Lynne: Um--I think what it did is--it made me realize that you really can't be safe, the way you felt before, that there were always certain things that could never happen. That you know, things that you counted on always being there, like the World Trade Center or the Empire State Building, or Statue of Liberty. And that weíre in a country at war um, you know we didn't, at least from our perspective, we didn't do anything to provoke this. Where did this all come from? And for terrorists to be able to reach in your own neighborhood, in my own backyard, and do something like this is pretty scary. And that, for a time, I didn't want to, I didn't want to go anywhere. I suppose, you know, there were some people that didnít want to come into New York. Um, you know I didn't want to leave you know, or go fly on a plane. You just wanted to kind of feel safe and stay put and get back to normal. And I think it made me um, as a person I guess, feel more empathy, particularly during that period for what everybody was going through. And, you know, I kind of relate to people's challenges and obstacles in their way of a little, little bit different way.
Joeata: What was, how many times did you wait to go to the Ground Zero?
Lynne: I'm sorry?
Joeata: How, how long did you wait to go to the World Trade Center after this?
Lynne: Um, I guess we were here, it was pretty soon after we got back. I guess somebody had said they didn't want everybody going down to kind of gawk at the whole thing, but it's pretty hard not, not to wanna. I don't think I went right there, I wanted, I walked down the area and that's when I saw all the devastation. I walked as far as Fulton Street I guess. And then periodically, you know, it was very depressing to walk there, but on the other hand you wanted to see too. So it's a combination of those two things.
Joeata: Was it a way to really believe what happened? Or?
Lynne: Um, um, I believed it happened. It wasn't that. It was just a, I guess to see, I guess just to see it um. I donít know--I donít know, I only went really once, and I had no, now itís um, I mean I guess when it gets fixed up and they have the Freedom Tower, and itís a real memorial um, it will be a place to go, to pay, you know, and send your respects. In those early days, it was more just to see the devastation you know, it's why people basically went. So I just went that once. And then, as stores and near there came back on line such as if you have gone to Century 21, really. That was closed for almost, I don't think they came back until like April of April of 2002, maybe even later than that. So that was right near there so when those stores came back on, youíd end up going over there, and you can kind of see, you know, what was happening, you know. How they had cleared it out. And, you know, the different construction, have you been over there?
Joeata: Yeah, to see the memorial and to the church too.
Lynne: Yeah, the um, St Paul's chapel. It's pretty amazing that, that church wasn't hurt at all.
Joeata: Yeah, they say it is like a miracle.
Lynne: Right, right. I don't know if they saved everything but one of the things that, and maybe they do this in France as well, when there is a tragedy. This is a tragedy of huge proportions. People like to leave notes, so there was, notes and letters and the whole, it was a fence right near St Paul's, I think itís still there, the fence anyway, it was just covered with messages. There were other sites that you know, they were just messages from people just showing their grief. In a real way, there were messages that ďif youíve seen so and so, you know, let me know.Ē But that, you know, I am one of the fortunate ones though. Pace lost some alumni and a couple of students that I did know. I can't remember if we um, but I mean, as an institution thatís so close, we didn't lose a lot. I mean any life is hard to lose but our staff that was in the World Trade Institute that was on the 55th floor all got out. And so to me, we were very fortunate that we didn't lose more. Thereís a memorial right in the courtyard as you know which list all the people that were affiliated with Pace. We had commemorative services shortly after, you know, the place was packed. But I didn't lose anybody that was close to me, so I was fortunate, thank God.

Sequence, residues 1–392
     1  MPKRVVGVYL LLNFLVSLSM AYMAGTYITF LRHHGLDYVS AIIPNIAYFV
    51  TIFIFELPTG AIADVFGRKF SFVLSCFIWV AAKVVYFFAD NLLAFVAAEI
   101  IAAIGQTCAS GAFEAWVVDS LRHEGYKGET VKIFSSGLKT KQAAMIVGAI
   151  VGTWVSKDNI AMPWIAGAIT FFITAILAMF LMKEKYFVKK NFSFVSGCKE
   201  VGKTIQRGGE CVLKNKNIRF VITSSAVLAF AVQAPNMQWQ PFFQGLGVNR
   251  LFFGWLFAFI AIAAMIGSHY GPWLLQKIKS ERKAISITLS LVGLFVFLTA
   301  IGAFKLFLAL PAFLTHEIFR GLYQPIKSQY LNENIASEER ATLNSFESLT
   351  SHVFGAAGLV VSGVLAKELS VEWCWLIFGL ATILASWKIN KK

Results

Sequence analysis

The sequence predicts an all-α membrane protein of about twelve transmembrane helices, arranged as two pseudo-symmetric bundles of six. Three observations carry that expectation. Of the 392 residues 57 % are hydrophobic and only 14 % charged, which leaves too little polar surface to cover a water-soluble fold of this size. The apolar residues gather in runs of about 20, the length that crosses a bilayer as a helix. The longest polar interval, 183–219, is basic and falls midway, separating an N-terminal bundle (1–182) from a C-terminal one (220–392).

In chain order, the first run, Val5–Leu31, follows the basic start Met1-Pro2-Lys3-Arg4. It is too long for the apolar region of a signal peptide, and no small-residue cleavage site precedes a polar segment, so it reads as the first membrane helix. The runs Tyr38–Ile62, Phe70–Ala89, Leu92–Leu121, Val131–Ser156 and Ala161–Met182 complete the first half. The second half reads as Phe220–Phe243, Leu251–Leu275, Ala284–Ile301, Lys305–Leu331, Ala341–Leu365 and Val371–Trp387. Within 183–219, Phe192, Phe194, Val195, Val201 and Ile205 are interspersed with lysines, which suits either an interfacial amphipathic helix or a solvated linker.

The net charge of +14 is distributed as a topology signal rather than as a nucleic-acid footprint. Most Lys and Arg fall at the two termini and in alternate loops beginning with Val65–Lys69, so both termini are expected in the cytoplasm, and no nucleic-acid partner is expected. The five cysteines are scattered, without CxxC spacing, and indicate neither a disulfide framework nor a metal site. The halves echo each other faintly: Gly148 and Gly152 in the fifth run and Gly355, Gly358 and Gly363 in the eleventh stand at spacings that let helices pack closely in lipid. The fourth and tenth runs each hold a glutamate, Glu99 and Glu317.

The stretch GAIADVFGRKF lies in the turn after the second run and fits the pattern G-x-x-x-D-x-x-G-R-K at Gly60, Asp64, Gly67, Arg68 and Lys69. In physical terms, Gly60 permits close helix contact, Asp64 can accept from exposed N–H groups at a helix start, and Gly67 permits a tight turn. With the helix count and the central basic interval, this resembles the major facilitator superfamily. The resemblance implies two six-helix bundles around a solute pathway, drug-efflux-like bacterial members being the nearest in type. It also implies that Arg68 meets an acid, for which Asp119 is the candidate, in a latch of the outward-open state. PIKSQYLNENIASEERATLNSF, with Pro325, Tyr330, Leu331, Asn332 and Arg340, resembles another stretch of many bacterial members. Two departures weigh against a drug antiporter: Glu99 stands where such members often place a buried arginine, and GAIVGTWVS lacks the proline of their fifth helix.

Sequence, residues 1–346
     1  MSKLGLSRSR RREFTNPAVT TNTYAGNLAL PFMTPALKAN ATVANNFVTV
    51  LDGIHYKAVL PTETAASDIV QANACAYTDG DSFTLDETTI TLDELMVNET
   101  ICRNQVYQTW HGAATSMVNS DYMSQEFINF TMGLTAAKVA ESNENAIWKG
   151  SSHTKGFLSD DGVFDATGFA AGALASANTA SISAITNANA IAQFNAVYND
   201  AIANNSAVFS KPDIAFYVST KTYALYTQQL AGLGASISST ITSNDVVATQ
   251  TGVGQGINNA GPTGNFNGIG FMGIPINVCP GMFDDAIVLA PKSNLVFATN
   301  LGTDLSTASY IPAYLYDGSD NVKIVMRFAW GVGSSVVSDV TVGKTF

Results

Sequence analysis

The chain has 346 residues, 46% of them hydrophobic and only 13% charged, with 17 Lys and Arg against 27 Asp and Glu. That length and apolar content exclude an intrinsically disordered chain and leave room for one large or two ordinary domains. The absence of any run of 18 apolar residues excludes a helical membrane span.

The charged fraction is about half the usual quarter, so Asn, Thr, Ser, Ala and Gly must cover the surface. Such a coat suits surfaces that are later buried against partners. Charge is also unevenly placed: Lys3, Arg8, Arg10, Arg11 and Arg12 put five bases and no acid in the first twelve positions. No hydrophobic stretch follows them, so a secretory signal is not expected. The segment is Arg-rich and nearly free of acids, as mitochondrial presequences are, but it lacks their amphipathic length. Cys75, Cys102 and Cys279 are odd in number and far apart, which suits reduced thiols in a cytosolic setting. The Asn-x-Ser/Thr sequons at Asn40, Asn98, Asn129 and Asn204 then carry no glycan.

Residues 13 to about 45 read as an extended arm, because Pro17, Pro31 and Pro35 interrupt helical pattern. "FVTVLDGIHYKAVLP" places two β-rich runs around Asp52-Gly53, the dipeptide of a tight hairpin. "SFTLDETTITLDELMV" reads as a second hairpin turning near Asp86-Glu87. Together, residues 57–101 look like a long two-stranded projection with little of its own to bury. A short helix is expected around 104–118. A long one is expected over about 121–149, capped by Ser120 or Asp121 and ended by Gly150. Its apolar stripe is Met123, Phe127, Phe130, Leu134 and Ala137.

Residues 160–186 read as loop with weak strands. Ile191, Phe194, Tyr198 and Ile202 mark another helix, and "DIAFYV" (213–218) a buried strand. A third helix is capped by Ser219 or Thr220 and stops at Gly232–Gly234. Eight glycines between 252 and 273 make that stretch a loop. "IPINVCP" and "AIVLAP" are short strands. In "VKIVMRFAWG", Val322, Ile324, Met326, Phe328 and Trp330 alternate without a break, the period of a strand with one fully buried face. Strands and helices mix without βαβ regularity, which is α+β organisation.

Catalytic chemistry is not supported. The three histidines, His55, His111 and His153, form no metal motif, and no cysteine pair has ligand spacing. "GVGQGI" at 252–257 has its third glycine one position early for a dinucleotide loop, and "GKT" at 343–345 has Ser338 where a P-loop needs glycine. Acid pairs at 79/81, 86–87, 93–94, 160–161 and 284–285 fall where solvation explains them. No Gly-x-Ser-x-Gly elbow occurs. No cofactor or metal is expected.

Joeata: What did you think of the reaction of the government, the country to this attack? And the response to terrorism?
Lynne: Um, I think the immediate response of New York City and Mayor Giuliani um, to the emergency was a good one. I mean he was a very stabilizing influence, um, you felt that you really had somebody that was quote unquote "in charge". Um, I am not a big fan of our current president. So um, I think once he became aware of what happened, you know, there was a time when they were kind of flying him around in a plane. I think that our immediate reaction which was to ground all the planes and you know, kind of put everybody in lock down was correct. I think, letting the American people know that things have really changed and that we need to be more vigilant and that the different security measures that are now in place in the airports and everything, was certainly needed. Um, I thinking trying to find Ben Laden makes some sense, I mean, itís clear that Al Qaeda was the root of this. And so us going into where we thought he was in Afghanistan, probably was the right thing to do. However, the rest of it, the war in Iraq and all that stuff um, I don't think has really any connection to 9/11. I'll never forget reading the newspaper um, and all of a sudden, the front page was talking about us going to war with Iraq and I am like, where did this come from? And, you know, and since then, we are seeing, bit by bit that there really isn't a big connection between what happened on 9/11 and the war in Iraq, but that's another story. So um, Iím not, in answer to your question, I donít agree that we had to change some things the way we were, you know, business had to change, I'm not sure I agree with everything thatís been done quote unquote in the name of the "war on terror".
Joeata: Do you want to add something about the subject?
Lynne: Um--I don't know, I think I've said everything.
Joeata: Thank you very much!
Lynne: Oh, you're very welcome!